1. Maybe I don’t understand, but I thought the whole point of a class action lawsuit is that it’s waged in such a way that the ruling applies to anyone who finds themselves in the same situation, not just the individual plaintiff. That doesn’t mean it necessarily has to be brought by Congress. Or am I misunderstanding that?

          If a class action lawsuit isn’t feasible, then I guess it would take a bunch of individual lawsuits. Which, again, would be a huge headache for AT&T. 😉

          1. Sorry – I wasn’t clear – it’s not a class-action suit by Congress, as I understand it Congress passed a law that stated AT&T (and maybe other carriers) could not be subject to a class-action suit.

            1. There is no law against class-action suits against AT&T or anyone else.

              It is in your contract with them. When you activated your plan, you signed a contract in which you have given up your right to sue, or to be a part of a class-action. Essentially, the only arbitration that you accepted in case of dispute is the small claims court. Read the contract, it’s all there.

    1. Yes. And we’d like to see AT&T hire 850,000 lawyers to defend themselves.

      Wonder how much that would cost? Or would AT&T representatives simply not show up?

      Hey, guess who wins in small claims court when only one party shows up?

      Sometimes, basic logistics can win the day.

        1. Hahaha this is getting better and better.

          When someone does something wrong, whether it be patent infringements or not delivering a promised service (unlmtd data) then SUE THEM INTO OBLIVION.

          That’s what Lord Jobs taught us 🙂

  5. I always thought that a contract couldn’t be changed after it was signed by both parts…This proves I was wrong! Maybe AT&T had a disclaimer in the microscopic print.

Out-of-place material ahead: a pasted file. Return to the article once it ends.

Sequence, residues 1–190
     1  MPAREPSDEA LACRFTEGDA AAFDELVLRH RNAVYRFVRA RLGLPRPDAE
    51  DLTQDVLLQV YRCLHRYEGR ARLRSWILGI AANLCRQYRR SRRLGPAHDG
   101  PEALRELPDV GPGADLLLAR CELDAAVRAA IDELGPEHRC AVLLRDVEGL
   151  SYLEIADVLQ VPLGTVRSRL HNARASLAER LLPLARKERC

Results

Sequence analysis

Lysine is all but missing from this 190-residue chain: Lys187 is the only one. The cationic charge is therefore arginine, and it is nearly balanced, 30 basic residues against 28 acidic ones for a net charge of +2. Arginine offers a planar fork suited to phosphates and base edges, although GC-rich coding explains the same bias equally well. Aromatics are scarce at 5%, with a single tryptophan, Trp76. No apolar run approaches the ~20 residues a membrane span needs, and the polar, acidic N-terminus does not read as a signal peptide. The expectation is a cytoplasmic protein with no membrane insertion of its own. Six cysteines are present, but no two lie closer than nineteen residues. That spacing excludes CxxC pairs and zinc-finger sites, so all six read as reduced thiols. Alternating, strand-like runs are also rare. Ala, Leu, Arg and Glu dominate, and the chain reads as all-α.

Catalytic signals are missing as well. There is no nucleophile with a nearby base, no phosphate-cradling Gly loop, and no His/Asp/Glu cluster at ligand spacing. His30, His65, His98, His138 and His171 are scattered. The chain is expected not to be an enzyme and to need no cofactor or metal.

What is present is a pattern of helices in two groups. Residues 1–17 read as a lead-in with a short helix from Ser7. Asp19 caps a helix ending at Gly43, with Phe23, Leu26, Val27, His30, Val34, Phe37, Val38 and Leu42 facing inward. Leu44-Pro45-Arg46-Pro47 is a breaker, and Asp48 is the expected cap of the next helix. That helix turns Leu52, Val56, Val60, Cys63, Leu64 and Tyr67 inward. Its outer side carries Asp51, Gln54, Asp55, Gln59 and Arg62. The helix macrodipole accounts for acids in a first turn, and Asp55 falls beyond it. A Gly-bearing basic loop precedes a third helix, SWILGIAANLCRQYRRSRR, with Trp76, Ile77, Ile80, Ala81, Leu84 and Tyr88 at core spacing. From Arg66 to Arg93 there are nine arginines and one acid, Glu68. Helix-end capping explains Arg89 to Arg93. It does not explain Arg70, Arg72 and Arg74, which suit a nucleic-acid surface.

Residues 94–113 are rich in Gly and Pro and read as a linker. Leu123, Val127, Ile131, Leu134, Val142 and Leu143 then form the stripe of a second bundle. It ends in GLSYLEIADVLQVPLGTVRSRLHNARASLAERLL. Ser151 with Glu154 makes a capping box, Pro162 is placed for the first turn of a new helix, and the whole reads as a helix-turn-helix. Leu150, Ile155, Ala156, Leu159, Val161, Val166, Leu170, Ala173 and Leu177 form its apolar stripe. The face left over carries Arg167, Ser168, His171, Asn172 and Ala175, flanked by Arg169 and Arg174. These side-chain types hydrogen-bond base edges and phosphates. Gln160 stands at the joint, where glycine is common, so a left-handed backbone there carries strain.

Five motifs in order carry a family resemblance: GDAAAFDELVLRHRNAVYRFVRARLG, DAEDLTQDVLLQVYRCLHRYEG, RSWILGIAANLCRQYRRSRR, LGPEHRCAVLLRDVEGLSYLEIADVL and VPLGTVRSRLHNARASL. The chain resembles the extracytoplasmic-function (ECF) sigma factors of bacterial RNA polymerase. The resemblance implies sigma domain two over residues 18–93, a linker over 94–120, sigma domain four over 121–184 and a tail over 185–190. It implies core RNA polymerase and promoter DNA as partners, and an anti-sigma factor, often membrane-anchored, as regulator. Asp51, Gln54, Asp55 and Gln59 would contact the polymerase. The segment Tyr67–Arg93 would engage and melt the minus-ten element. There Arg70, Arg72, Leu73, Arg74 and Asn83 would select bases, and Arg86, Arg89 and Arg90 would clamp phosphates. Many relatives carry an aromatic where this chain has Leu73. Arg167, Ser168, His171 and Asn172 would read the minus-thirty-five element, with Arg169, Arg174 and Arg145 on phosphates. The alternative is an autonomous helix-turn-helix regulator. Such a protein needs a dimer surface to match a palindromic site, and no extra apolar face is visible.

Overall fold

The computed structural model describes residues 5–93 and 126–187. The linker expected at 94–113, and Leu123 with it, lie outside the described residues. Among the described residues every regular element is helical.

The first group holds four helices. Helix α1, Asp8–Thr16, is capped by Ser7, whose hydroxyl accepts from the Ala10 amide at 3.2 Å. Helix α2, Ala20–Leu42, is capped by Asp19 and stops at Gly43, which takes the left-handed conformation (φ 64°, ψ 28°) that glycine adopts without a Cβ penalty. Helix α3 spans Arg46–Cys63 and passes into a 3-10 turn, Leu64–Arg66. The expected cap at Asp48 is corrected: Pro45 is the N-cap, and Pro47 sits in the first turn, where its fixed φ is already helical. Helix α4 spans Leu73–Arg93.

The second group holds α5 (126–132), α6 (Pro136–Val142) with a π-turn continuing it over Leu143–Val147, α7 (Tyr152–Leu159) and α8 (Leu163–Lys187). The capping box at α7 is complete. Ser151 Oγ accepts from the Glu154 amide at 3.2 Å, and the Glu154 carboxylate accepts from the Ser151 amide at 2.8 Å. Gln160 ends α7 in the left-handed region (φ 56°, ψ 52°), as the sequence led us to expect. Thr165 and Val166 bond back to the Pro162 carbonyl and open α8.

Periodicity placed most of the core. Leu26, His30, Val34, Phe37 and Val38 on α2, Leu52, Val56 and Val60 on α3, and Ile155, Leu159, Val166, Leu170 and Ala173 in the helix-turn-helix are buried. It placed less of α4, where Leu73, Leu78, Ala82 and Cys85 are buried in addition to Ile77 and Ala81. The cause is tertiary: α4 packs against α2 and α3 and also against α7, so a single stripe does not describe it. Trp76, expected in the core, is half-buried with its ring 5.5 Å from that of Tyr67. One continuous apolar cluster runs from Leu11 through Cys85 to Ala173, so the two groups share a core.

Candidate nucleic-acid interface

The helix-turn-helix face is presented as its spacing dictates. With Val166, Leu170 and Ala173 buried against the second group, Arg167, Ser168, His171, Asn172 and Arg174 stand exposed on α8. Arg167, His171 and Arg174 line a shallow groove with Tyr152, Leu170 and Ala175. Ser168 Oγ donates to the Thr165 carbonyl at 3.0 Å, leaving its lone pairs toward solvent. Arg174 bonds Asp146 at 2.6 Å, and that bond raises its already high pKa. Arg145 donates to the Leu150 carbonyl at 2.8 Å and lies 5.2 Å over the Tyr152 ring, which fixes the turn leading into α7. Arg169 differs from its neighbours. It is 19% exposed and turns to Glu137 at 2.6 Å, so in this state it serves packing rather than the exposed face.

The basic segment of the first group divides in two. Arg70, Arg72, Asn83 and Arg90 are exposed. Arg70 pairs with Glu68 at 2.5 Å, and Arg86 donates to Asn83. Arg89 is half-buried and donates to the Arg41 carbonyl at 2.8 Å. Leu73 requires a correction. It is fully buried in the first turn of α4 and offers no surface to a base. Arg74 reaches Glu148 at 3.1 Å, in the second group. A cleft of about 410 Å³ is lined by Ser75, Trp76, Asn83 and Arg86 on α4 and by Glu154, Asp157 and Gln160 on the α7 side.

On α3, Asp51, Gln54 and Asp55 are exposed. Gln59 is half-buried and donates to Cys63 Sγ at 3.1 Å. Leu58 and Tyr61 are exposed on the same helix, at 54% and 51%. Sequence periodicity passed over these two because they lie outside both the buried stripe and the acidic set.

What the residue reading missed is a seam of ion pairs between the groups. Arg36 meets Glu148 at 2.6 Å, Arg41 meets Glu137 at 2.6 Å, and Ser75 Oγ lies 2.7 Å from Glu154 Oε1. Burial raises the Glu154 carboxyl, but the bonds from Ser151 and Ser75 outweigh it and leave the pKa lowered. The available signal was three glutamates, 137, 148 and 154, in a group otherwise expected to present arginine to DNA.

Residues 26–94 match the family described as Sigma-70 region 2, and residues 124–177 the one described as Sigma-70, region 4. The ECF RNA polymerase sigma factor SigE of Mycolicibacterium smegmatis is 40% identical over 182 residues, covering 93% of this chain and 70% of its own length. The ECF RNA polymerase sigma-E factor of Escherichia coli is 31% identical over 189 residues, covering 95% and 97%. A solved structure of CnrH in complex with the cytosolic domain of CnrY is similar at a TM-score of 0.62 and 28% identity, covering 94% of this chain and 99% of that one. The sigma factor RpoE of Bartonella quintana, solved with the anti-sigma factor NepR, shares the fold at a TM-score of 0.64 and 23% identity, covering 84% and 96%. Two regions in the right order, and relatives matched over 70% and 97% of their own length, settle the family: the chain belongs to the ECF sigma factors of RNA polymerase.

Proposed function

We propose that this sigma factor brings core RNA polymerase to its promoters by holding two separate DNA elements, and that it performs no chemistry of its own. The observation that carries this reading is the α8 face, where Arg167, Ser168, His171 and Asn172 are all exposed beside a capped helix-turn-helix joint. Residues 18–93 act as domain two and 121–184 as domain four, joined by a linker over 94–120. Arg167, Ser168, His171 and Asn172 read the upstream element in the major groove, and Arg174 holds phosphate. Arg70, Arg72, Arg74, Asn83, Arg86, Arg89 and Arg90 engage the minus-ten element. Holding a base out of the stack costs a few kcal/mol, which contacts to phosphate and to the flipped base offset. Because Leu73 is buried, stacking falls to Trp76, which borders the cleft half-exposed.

6. AT&T douchebags:
    Just credit my account $850 and save yourself major headaches. Also, pool my 3 unlimited and one 3GB plan into a master 12GB plan so I don’t have to worry about any one phone exceeding the 3GB in the ass limit.

  7. More spectrum would be nice, but it’s not the only answer. Building more towers would help too. That way, you have fewer people connected to each tower.

  8. Everyone with an unlimited data plan whose data service is slowed due to what AT&T considers excessive data usage should sue for damages in small claims court. My not include all 17 million subscribers but there will be enough that when AT&T has to defend itself in each individual state county, AT&T will feel the pain.

        1. Speed is always limited and no carrier will EVER guarantee ANY speed (EDGE, 3G, 4G, LTE, whichever). There is no such thing as unlimited speed. Every mobile contract has plenty of exclusions and conditions (“depending on network congestion, signal coverage, terrain, buildings, structures, etc…”). 4G speed is only meaningful in advertising; once you actually buy the phone and sign the contract, all bets are off (on all carriers throughout the world).

          Once we admit that, we begin to debate how slow is too slow and what speed should be considered unacceptable, and nothing in the contract defines (or mentions) speeds. As I said, good luck suing.

          1. Agree with u that no carrier will guarantee speed and “exclusions and conditions (“depending on network congestion, signal coverage, terrain, buildings, structures, etc…”)” , but at the same time the speed cannot be manipulated, which is what they are doing or going to do.
            And contracts don’t mention that they can throttle if there is too much use since it would invalidate the use of the word “unlimited”. Since contracts don’t mention speed it can be “assumed” to be at the fastest speed possible without intentional interference from the carrier.
            IMHO

            ranting, pain killers, scotch, yawn…. good night all

  9. Class Action suit asking:
    1- To be immediately released from all contracts with AT&T, subsidiaries, contractors, business partners without penalty, refund or fee.
    2- To be refunded 25% of the monthly fee multiplied by the term in months to each customer for breach of contract.
    3- Legal fees for legal representatives.

    All right Attorneys, here is a nice fat one ripe for picking. Stop chasing ambulances and get with the program.

    For those in the (sales) service area, C-Spire now has the iPhone with a nice unlimited plan and very good nationwide coverage.

    1. Not going to happen. The contract that consumers signed with AT&T (or any other carrier in the US, for that matter) does NOT allow them to sue in court, individually, nor as a class. You gave up all your rights to sue; in case of any disputes between you and the carrier, you only accepted arbitration in a small claims court.